Know Your Breakfast: Goetta

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Welcome to a new feature here on The Breakfast Grub Guy: Know Your Breakfast!!

Know Your Breakfast will be a regular blog post that I will share with you guys every couple of weeks, in addition to my upcoming local breakfast reviews throughout the Philadelphia area. I want TBGG to be not only a source of awesome breakfast and brunch reviews and recommendations for you to use as a tool, but also a source of info on the wonderful world of breakfast.

Each week I will highlight a regionally-specific breakfast food, little knows breakfast facts and tips, a cultural or ethnic breakfast meal, unique cooking techniques, and more! The idea is to introduce you to things you may have never experienced, and to get you in the mood to explore new breakfast and brunch options. Our area is a hugely diversified, cultural mix, and there are all kinds of new foods to try and new ways to up your breakfast game all around you!!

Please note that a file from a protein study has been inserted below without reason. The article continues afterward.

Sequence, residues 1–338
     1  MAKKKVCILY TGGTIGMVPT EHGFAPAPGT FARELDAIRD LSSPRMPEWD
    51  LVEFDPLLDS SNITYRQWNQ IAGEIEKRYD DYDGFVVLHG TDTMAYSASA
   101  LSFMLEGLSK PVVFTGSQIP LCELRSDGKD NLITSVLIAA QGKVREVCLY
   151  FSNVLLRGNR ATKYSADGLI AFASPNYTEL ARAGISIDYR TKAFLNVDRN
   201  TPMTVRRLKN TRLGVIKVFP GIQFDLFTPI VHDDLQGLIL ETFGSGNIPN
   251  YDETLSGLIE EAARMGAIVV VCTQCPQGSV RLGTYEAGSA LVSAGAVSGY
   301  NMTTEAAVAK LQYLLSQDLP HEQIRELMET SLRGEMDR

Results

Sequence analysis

So without further ado….

goetta

This is goetta.

Similar to what we know as scrapple here in Southeastern Pennsylvania, Goetta (pronounced Get-uh) is made of ground pork scraps, or sometimes pork and beef, and is primarily eaten in the Cincinnati area. It’s a combination of the ground meat, pin-head oats (also called Steel-cut oats), and spices, and is then usually formed into a loaf or roll, and congealed. The typical cooking method is to simply slice and pan fry.

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It’s considered a sausage mush and is of German inspiration. Goetta was originally a peasant dish meant to stretch out servings of meat over several meals to conserve money.

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Today, most people enjoy goetta as a side meat to their breakfast, just as you would bacon, sausage, ham or scrapple.

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Glier’s Goetta is the largest commercial producer of the breakfast meat. They produce more than 1 Million pounds annually, around 99% of which is consumed locally in Greater Cincinnati.

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Folks in that area love goetta so much, that every year Glier’s hosts Goettafest. It’s a weekend event, usually held in August, where goetta is used in all sorts of foods – goetta pizza, goetta desserts, and even goetta cheesesteaks!!

Unfortunately, I’m not familiar with any restaurant that currently serves goetta in our area. If you do ever see it on a breakfast menu around town, be sure to try it, and let us know too!!

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